For Artwork in Focus we explore individual artworks, critiquing their style and discussing their socio-political context. Today we look at Oil Lamp with nozzles in the shape of Heads and Ships’ Prows (1st century CE).
About the Work
Title : Oil Lamp with nozzles in the shape of Heads and Ships’ Prows
Year : 1st century CE
Medium : Leaded Bronze
Dimensions : h. 10.5 x diam. 25.8 cm (4 1/8 x 10 3/16 in.)
Location : Harvard Art Museums, Cambridge, Massachusetts
According to the digital catalogue of the Harvard Art Museums :
“The lamp has six nozzles designed in two alternating styles. The three larger nozzles are in the form of volutes with a rosette at each termination and, on the underside, the head of a deity emerging from a corolla composed of seven long, evenly spaced loops in low relief. The three smaller nozzles are in the form of ships’ prows. The rounded, bowl-shaped reservoir is encircled with a vine, applied after the wax model for the body was cast.”
The work showcases the tendency of artists to draw inspiration from the world around them. It also shows that even utilitarian objects were made by highly skilled craftsmen, and were created as objets d’art. This particular lamp, according to the museum, was meant to be viewed from below, given that it is most heavily decorated at the bottom surface.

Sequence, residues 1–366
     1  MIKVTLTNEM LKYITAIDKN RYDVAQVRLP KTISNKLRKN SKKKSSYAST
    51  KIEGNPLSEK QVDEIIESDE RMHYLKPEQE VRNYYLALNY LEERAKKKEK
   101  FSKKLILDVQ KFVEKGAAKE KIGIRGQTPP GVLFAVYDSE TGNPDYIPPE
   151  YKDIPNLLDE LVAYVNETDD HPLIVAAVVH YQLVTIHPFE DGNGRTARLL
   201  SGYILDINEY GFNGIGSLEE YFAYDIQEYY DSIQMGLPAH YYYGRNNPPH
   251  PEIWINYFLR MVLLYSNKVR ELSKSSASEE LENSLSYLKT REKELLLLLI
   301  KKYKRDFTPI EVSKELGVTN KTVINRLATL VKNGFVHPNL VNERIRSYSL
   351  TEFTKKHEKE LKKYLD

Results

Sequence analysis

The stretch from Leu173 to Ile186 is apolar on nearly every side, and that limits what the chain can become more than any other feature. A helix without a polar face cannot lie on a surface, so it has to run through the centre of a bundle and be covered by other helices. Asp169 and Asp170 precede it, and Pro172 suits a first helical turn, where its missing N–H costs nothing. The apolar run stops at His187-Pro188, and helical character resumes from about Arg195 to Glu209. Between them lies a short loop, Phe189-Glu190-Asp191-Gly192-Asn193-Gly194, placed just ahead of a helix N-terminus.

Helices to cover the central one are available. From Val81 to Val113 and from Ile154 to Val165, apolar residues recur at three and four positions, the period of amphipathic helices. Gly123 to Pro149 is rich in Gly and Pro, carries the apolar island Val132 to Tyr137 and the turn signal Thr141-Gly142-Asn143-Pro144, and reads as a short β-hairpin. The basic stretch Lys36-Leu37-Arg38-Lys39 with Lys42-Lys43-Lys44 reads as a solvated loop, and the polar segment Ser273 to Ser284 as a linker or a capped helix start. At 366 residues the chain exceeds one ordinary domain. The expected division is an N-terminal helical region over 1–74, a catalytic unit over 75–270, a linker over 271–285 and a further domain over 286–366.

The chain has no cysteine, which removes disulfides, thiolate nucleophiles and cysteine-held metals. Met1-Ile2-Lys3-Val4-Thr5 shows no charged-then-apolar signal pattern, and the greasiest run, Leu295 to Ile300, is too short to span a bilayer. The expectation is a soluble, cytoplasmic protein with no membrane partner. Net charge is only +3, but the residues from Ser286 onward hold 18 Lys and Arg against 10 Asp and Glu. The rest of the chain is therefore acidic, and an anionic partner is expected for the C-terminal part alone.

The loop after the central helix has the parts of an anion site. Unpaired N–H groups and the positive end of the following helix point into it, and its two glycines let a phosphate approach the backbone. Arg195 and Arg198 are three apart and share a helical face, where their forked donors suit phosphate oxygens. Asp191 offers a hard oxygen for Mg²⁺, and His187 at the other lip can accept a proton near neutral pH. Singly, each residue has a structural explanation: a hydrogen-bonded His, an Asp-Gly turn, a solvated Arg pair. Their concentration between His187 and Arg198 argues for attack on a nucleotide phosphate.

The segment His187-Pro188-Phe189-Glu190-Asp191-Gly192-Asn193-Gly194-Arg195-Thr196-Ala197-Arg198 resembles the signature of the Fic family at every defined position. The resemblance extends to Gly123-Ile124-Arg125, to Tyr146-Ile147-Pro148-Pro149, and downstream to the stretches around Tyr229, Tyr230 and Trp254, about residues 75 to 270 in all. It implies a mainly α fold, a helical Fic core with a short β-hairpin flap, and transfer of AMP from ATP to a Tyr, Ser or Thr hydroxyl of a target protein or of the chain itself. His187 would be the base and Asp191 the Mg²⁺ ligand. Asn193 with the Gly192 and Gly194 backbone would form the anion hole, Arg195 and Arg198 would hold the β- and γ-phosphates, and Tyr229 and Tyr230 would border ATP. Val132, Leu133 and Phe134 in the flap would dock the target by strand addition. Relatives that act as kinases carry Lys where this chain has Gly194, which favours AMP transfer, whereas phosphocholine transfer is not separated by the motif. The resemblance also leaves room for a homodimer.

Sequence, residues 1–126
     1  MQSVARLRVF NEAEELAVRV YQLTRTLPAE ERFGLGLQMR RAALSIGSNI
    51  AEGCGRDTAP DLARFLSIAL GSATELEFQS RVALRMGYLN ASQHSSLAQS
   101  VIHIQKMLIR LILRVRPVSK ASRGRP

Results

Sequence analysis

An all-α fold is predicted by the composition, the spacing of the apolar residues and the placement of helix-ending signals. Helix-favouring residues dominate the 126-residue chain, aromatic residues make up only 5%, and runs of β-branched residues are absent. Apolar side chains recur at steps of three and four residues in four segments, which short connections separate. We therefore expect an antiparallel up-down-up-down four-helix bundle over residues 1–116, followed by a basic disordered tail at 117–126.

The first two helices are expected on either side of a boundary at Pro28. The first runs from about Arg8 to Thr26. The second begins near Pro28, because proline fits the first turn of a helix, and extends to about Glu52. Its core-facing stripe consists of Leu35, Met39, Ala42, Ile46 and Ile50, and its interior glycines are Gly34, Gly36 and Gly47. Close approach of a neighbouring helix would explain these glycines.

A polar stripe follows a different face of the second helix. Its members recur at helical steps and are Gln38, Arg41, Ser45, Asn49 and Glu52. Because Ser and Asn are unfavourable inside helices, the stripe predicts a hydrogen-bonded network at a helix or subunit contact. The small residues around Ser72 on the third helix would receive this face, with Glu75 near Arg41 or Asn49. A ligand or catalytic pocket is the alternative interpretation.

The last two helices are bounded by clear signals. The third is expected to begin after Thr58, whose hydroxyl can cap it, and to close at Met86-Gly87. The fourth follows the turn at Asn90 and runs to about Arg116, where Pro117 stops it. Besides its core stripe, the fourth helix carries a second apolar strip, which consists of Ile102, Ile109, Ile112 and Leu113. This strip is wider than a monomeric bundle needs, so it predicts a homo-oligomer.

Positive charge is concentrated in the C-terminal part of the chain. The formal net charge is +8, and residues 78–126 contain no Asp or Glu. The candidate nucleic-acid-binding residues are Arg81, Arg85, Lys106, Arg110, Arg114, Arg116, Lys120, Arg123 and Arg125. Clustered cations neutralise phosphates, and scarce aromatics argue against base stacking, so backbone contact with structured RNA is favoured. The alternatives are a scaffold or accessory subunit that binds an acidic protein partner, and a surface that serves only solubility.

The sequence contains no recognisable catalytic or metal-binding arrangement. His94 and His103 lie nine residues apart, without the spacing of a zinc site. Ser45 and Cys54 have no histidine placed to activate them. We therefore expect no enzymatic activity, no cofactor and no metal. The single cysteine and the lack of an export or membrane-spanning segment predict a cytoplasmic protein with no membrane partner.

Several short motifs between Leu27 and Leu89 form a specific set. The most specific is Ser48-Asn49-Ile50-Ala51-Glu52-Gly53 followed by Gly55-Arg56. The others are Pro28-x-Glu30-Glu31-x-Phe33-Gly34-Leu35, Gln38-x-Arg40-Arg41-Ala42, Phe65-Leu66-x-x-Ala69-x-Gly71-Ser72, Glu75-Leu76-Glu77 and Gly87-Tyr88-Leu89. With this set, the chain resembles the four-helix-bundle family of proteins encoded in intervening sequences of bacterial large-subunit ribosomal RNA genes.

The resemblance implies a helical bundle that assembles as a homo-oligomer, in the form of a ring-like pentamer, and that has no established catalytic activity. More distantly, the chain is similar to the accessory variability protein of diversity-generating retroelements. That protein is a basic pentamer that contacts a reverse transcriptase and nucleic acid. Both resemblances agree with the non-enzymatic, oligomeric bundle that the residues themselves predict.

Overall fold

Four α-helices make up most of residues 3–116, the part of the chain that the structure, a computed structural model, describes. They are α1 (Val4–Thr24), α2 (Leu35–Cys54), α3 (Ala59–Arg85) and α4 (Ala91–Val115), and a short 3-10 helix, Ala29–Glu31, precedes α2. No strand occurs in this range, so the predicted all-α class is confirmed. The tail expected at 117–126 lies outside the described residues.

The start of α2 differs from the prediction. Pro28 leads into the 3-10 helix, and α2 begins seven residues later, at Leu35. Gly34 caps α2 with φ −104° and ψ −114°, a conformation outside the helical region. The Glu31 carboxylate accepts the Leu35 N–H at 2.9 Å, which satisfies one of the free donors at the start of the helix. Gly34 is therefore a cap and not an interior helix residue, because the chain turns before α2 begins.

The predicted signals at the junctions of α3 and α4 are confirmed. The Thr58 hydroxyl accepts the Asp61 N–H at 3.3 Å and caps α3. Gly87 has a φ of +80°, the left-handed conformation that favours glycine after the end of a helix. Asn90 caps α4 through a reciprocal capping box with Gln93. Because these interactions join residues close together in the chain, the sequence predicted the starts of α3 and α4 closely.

Oil Lamp with nozzles in the shape of Heads and Ships’ Prows is housed in the Harvard Art Museums in Room 3700. It is part of the museum’s collection of Ancient Mediterranean and Near Eastern Art – Roman Art. The piece has been housed at the Museum since 1990.
To learn more about iconic artworks and their socio-political context, visit Artwork in Focus.